To view this blog as a multimedia presentation: Slideshow | Video
According to the GEM Global Report, an almost mind-numbing 100 million businesses are started around the world each year. That’s about three every second, or one every five seconds if you limit the number to only United States-based startups. About 90 million of those fledgling businesses will, at some point, wind up failures.
The risk behind starting your own business is well-established–and likely widely feared–in the entrepreneurial world. Everyone who has even considered starting their own business probably has one statistic rattling around in their head day in and day out: 90 percent of startups fail.
The number of Silicon Valley unicorns that are dead or dying grows daily. But among those 100 million startups a year that come into existence, 10 million stick around. For every 10 Groovesharks of the world, there is a Pandora or a Pinterest. There is success to be found in the world of startups, you just need to know how to approach it.
1. Know your Market
Based on an analysis of startups after their downfall, a lack of a market need was the number one reason for failure. Nearly half of the businesses examined were doomed from the start, having developed a business around a product or service that no one needs and no one wants. It’s no coincidence that the first step in establishing a business is often the identification of a need. If your audience doesn’t need your product or service, why would they invest money into it? So while there is always that lingering question that asks what “needs” do we as a society not even realize we’re living without, the opportunities to introduce your audience to a need are few and far between.
2. Approach With Passion
A solid foundational understanding of your market will get you off the ground, but when it comes to growing and maintaining a business, a leader without passion is a leader set up to fail. Some of the biggest business failures in recent memory can be at least partially blamed on the lack of passion and real, honest belief in the company’s success and mission. In short, if you’re not passionate about what you’re doing, entering each business negotiation with a positive attitude and the intent to succeed, you’re doing nothing but setting yourself up for failure.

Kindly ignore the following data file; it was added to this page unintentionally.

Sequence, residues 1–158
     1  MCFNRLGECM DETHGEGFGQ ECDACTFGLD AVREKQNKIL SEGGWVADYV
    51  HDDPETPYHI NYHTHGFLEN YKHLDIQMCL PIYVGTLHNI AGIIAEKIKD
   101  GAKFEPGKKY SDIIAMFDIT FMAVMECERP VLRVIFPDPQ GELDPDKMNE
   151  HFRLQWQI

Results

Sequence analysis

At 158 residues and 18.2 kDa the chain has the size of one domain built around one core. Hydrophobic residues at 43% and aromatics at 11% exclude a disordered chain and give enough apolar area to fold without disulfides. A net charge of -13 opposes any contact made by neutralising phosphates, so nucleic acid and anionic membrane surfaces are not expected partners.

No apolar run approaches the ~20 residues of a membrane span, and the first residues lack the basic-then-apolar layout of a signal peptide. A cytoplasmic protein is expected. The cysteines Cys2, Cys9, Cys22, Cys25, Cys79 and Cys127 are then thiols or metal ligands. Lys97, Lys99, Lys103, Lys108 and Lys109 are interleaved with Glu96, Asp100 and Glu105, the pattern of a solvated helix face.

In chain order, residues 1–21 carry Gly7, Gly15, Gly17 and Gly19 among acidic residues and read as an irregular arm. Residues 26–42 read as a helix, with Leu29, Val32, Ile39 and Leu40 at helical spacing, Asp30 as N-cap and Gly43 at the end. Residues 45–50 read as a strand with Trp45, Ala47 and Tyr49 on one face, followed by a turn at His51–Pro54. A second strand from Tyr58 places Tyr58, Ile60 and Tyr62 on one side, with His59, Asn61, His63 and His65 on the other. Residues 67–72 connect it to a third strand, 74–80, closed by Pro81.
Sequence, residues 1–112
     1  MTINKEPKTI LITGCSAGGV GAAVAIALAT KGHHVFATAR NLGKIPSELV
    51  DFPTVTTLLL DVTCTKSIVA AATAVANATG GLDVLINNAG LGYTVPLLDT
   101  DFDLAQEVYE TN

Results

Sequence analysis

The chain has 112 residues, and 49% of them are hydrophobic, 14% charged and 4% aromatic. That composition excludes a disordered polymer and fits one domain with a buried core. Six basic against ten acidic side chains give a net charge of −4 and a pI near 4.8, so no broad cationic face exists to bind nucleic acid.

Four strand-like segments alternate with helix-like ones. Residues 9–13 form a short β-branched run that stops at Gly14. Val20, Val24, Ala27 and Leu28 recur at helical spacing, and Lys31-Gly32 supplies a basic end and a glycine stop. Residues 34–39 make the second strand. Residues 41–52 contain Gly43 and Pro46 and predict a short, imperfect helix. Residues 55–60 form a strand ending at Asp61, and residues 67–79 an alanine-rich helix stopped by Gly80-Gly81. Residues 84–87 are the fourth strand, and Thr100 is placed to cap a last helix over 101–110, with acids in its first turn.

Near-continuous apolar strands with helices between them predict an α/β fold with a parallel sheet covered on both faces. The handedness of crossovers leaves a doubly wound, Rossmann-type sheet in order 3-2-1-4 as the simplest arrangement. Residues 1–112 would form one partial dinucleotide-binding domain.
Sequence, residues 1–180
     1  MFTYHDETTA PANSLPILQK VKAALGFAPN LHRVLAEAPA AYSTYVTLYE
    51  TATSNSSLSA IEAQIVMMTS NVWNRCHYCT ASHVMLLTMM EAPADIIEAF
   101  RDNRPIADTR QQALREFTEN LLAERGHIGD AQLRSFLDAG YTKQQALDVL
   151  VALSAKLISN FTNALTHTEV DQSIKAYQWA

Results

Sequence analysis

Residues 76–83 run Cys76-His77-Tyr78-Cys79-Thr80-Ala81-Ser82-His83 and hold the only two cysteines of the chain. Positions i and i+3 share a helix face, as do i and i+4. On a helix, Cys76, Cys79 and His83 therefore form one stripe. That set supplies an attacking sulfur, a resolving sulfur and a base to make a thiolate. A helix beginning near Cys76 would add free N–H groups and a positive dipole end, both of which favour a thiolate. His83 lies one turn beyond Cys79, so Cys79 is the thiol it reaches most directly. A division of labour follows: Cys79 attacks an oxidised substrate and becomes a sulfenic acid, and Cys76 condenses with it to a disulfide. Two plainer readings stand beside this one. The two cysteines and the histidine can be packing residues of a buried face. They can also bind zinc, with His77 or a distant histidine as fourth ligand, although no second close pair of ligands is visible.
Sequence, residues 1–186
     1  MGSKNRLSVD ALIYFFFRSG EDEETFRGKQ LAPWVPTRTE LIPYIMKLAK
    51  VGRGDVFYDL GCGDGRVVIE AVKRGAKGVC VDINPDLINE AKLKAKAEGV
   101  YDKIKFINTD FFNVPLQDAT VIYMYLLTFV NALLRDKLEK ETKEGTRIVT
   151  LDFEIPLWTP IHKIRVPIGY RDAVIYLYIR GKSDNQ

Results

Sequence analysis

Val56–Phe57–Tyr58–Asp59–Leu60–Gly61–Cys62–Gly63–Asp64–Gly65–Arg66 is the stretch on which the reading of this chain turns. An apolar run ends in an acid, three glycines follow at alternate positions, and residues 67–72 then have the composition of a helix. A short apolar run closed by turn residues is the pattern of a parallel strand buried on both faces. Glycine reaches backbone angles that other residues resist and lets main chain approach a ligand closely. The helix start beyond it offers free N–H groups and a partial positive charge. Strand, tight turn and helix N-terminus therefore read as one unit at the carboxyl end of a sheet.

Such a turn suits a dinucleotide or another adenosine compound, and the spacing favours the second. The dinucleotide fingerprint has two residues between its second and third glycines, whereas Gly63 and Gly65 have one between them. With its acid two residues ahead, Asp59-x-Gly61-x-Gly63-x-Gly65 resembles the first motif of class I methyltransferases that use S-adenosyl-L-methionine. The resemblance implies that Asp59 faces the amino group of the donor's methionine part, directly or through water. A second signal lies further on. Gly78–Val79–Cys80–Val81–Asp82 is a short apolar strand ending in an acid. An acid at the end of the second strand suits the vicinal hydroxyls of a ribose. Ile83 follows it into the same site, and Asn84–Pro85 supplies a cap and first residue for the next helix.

3. Build the Right Team
The saying goes that a chain is only as strong as its weakest link. Hiring a team to back you when starting your new business shouldn’t be an afterthought. The employees that will be working below you can make or break your earliest successes. Instead of offering jobs to your friends as a favor, or searching for employees just to fill shoes, entrepreneurs need to create a team that works cohesively, effectively and is willing to put in the extra hours to ensure the success of the brand. Be sure to identify what positions need to be filled, whether it’s customer service, public relations or a marketing team, and make the correct hires.
4. Nail the Timing
This one might not stick in the heads of young entrepreneurs as easily, but when starting a business, timing can be everything. Bill Gross, a startup guru of sorts, gave a TED talk regarding startups in an effort to determine what factor mattered the most in determining the success or failure of a business. If you refer back to just a sentence or two prior, you may be able to figure out that Gross determined that it wasn’t the name of the business, the funding, the plan or the team that caused businesses to fail, it was timing. If you’re too far ahead of your time, the technology or society’s adaptability to your product might lag behind. On the other side of the coin, if you’re too late, competitors might have already captured the market. As Gross said in the conclusion of his talk, “look at whether consumers are really ready for what you have to offer them.”
The potential to flounder and flop is always on the table when you’re starting your own business. By understanding your market, building the right team and timing your launch appropriately, you can avoid falling into the same trap that 90 percent of entrepreneurs before you have succumbed to. As Bill Gross put it in his Ted talk, “I think startups can change the world and make the world a better place.”